taithneann, taithneamh: “to please; to shine”, taitníonn, taitneamh in the CO. Generally in the first declension in PUL’s works, pronounced /taŋʹhən, taŋʹhəv/.
tréad: “flock, herd”.

13. An Fear agus a Chlann Mhac

Bhí fear ann, agus bhí ainm airgid air, agus bhí sé ag dul chun báis. Ní fheidir éinne dá chlaínn cá raibh an t-airgead i bhfolach aige, agus bhí eagla orthu go bhfaigheadh sé bás gan an áit d’ínsint d’éinne agus go mbeidís in éaghmais an airgid. Tar éis machnaimh agus cómhairle dhóibh, is é ’ cheapadar gurbh fheárr a fhiafraí dhe cá raibh sé i bhfolach. Níor thug sé freagra orthu go ceann i bhfad. Chuireadar an cheist chuige arís agus arís eile. Fé dheireadh duairt sé, “Tá sé curtha troigh go leith i dtalamh, sa pháirc sin amu’.” Níor fhéadadar a thuilleadh eólais d’fháil uaidh. Fuair sé bás agus do cuireadh é.

Siúd ag lorg an airgid iad san. Do theip orthu a dhéanamh amach sa pháirc áit ba dhóichí ná a chéile chun an airgid do bheith ann. Dheineadar poll thall agus poll abhus, fé mar ’ cheapadar go mb’fhéidir go bhfaighdís é, ach ní bhfuaradar a thuairisc.

Fé dheireadh thánadar i dtosach na páirce agus do rómhradar thórsu an uile órlach di, troigh go leith ar doimhneas. Ní bhfuaradar an t-airgead. Ní raibh sé ann chuige. “Cad a dhéanfam anois?” arsa duine acu. “Cuirimís arbhar sa pháirc,” arsa duine eile, “agus bíodh rud éigin againn de bhárr ár saothair.” Do deineadh san, agus an barra arbhair a bhí ar an bpáirc sin sa bhfómhar a bhí chúinn do baineadh é agus do buaileadh é agus cuireadh dá dhíol é, agus do dhein sé níos mó airgid ná mar ’ cheapadar a bhí i bhfolach ag á n-athair ó thosach. Thugadar an saothrú céanna ar dhá pháirc i gcómhair na hathbhliana, agus dheineadar a dhá oiread airgid, agus mar sin dóibh go dtí go rabhadar neamhspleách go maith.

**Ní raibh sé ann chuige: this chuige is explained in the early edition of Aesop in the foclóirín. The money was not there for it, ie for finding, to be found.

An Múineadh.

Nuair a bheir ag dul chun báis fág agead chlaínn cómhairle a leasa agus fonn na cómhairle sin do dhéanamh orthu. Is ámharaí dhóibh san ná airgead mór.

Foclóirín

ag: “at”. Ag do appears here as agead, pronounced /igʹəd/. The combination ag á, corresponding to ag a in the CO, is pronounced /i’gʹɑ:/.
agus mar sin dóibh: “and so on, the same with them all”.
ainm: “name”, but also “reputation”. Ainm airgid air, “a reputation for having money”.
athbhliain: “following year”, pronounced /af’lʹiənʹ/.
barra: “crop”.
cuirim, cur: “to put”, but also “to bury”.
doimhneas: “depth”, or doimhneacht in the CO. Both doimhneas and doimhneacht are used in PUL’s works. Pronounced /deŋʹəs/.
éaghmais: “want, absence”, or éagmais in the CO. Pronounced /iamiʃ/.
feadar: “I don’t know, I wonder”. While this verb is spelt ní fheadair sé in both the present  and past tense meanings in the CO, there was traditionally a distinction between ní fheadair sé, present tense, and ní fheidir sé, past tense, pronounced /nʹi: edʹirʹ ʃe:/.
go leith: “and a half”, pronounced /gilʹi/. Troigh go leith, “eighteen inches”.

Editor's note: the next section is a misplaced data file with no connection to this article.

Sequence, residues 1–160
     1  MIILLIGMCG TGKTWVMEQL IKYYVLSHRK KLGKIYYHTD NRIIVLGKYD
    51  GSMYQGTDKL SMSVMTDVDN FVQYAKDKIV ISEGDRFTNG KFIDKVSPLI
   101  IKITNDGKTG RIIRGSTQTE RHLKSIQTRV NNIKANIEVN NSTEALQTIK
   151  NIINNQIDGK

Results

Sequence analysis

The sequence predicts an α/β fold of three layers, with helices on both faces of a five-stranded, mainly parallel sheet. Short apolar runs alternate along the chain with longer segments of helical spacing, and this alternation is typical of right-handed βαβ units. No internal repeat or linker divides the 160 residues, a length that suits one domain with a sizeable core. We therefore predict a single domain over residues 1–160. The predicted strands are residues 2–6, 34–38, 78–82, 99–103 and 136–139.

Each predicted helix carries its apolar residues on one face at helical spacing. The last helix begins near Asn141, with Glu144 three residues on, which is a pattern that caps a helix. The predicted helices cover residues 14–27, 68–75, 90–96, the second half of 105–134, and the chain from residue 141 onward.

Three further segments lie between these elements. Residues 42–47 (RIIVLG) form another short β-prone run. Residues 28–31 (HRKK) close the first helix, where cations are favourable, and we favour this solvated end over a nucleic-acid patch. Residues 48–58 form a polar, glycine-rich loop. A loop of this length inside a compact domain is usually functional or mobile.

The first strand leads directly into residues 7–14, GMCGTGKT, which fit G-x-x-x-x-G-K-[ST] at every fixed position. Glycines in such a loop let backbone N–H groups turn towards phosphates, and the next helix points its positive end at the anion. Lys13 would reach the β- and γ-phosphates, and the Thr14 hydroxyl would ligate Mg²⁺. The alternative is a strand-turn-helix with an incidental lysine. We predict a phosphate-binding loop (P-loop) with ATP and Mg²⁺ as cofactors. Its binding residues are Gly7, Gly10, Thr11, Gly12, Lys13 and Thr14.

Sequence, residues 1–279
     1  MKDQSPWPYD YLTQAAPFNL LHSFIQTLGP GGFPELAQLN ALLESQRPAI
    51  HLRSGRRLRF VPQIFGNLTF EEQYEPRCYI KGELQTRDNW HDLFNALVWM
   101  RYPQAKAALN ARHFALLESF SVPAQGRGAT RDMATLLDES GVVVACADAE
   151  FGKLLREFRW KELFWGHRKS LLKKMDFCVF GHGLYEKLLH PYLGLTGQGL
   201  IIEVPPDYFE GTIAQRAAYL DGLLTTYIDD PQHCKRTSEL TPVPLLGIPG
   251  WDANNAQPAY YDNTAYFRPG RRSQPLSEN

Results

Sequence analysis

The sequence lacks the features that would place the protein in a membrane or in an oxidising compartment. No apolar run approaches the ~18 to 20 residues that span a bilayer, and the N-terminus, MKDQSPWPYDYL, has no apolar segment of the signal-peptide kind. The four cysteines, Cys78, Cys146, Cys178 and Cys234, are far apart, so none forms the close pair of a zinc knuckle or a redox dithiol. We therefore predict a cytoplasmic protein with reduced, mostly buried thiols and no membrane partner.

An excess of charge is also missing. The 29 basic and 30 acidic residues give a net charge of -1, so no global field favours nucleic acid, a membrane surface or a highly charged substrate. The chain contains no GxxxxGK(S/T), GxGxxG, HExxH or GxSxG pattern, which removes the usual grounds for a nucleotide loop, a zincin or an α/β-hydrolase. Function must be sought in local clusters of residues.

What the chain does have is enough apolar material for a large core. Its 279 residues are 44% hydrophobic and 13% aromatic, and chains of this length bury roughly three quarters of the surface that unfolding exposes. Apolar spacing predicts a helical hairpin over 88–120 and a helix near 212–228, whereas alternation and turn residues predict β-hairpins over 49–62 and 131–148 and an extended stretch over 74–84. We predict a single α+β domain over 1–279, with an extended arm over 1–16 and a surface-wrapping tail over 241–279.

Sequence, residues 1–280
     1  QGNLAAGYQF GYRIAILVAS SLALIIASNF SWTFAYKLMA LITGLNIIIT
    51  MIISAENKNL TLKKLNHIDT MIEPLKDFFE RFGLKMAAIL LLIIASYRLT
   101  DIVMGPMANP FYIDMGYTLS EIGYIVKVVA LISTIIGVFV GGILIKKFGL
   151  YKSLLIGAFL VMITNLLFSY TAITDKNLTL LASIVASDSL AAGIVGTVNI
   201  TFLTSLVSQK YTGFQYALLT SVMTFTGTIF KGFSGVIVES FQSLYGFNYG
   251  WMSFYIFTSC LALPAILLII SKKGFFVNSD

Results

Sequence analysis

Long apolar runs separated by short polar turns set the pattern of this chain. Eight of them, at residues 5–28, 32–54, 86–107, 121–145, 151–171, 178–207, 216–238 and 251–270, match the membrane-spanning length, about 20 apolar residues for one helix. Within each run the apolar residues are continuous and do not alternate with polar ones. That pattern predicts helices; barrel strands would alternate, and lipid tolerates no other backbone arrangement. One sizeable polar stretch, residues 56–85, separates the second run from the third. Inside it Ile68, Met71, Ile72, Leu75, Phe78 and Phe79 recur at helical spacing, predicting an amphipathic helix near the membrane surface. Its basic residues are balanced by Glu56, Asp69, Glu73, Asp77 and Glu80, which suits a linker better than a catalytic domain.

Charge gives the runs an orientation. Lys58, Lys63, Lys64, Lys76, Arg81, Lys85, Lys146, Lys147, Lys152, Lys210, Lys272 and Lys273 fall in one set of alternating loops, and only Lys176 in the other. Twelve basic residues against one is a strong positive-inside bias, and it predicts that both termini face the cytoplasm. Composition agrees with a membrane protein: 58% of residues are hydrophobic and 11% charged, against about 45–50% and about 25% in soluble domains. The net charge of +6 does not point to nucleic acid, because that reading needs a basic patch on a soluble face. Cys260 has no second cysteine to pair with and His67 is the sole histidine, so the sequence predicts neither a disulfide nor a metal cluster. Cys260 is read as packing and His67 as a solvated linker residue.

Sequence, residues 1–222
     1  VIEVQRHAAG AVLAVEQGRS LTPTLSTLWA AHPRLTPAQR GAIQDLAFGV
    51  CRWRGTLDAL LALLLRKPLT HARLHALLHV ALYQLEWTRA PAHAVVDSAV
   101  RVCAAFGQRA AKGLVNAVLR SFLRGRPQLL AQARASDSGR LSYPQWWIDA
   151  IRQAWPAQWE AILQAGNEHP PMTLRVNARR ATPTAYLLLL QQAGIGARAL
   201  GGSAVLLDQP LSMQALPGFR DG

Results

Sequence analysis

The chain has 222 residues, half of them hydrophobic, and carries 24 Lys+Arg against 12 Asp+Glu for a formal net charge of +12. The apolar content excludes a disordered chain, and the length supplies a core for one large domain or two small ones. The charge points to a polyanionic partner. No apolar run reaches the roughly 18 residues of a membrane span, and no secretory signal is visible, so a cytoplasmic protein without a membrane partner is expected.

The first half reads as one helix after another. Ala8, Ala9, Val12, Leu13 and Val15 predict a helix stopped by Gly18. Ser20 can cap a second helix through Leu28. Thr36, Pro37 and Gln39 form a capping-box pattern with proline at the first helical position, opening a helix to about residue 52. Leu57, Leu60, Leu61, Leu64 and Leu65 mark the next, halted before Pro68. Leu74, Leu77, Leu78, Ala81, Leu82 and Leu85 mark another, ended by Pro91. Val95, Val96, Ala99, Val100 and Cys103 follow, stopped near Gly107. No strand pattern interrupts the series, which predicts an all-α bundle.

i gcómhair: “for, in store for”. This phrase was uniformly spelt i gcóir by PUL, in line with PUL’s view (cf. Notes on Irish Words and Usages) that this phrase derives from cóir, “proper arrangement (among other meanings)” and not cómhair, “presence”. He indicated he did not have a nasal vowel in this phrase, but the issue is complex, as his etymology seems faulty (The Dictionary of the Irish Language has i gcomhair) and it is possible that i gcómhair has become conflated with a separate phrase i gcóir, “ready” in WM Irish. In any case, nasalisation is not a noted feature of modern-day WM Irish, and so the CO form produces the correct pronunciation.
rómhraim, rómhar: “to dig”, or rómhraím in the CO.
thar: “through, across, past”. Thórsu, /ho:rsə/, “across, past them”, equivalent to tharsta in the CO.
troigh: “foot; 12 inches”, pronounced /trigʹ/.

Séadna modernised

12. An Sealgaire agus an Colúr.

Chuaigh sealgaire amach lá ag sealgaireacht. Chonaic sé colúr ar chrann. Chuir sé saighead fé shraíng a bhogha. Do leog sé é féin ar a leathghlúin chun an ruchair do chaitheamh. Díreach le línn é ’ bheith chun an ruchair do chaitheamh, agus a ghlúin ag teacht chun tailimh, do chuir sé órdóg a choise deise ar athair nímhe a bhí ’ na luí sa bhféar laistiar de. Do rug an t-athair nímhe ar sháil air. Do léim sé suas gan an t-ruchar do chaitheamh agus do chuaigh an t-éan saor.

Do ghluais an nímh ó fhiacal na péiste tríd an sáil agus tríd an gcois agus tríd an gcolainn ar fad, agus ba gheárr go raibh an duine in uacht bháis.

“Á!” ar seisean. “Tháinig an t-olc tímpall. An bás a cheapas don éan is é is trúig bháis dom féin!”

An Múineadh

An té ’ dheineann an t-olc is air a bhíonn iarsma an uilc, .i. an peaca. Ní túisce ’ thugann an duine toil don pheaca ’na shatlann sé ar athair nímhe. Cuireann an peaca fiacal nímhe ann agus gabhann an nimh sin trína chroí agus trína anam.

Téann an t-éan saor, ámh. Ní théann an peaca thar an té ’ dheineann an t-olc. An t-é ’ fhuiligeann an t-olc ní bhíonn aon smól den pheaca air.

Foclóirín

colúr: “pigeon”, pronounced /klu:r/.
fuiligim, fulag: “to suffer, endure”, or fulaingím, fulaingt in the CO. Pronounced /filʹigʹimʹ, fuləg~foləg/.
órdóg: “thumb”. Órdóg na coise, “big toe”.
ruchar: “shot”, or urchar in the CO. Pronounced /ruxər/ in Cork Irish, although PUL used the classical spelling urchar.
saighead: “arrow”, feminine in Cork Irish. Pronounced /səid/.
sál: “heel”, or sáil in the CO, where the dative has replaced the nominative.
satlaim, satailt: “to tread”, or satlaím, satailt in the CO. Pronounced /sɑtəlimʹ, sɑtihlʹ/.
sealgaire: “hunter, fowler”, pronounced /ʃaləgirʹi/.
sealgaireacht: “hunting”.
smól: “spot, shadow, stain”, or smál in the CO. Smól an pheaca, “taint of sin”. Dinneen’s dictionary shows the forms smál and smól both existed, and Cnósach Focal ó Bhaile Bhúirne has smál.
talamh: “ground”. PUL consistently uses a slender l in the genitive, tailimh.
tháinig an t-olc tímpall: “evil has rebounded on the evildoer, he who intended ill to others had suffered the fate he planned for others”.
trúig: “cause, occasion”. Trúig bháis, “cause of death”.
uacht: “will, testament”. In uacht bháis, “on the point of death”.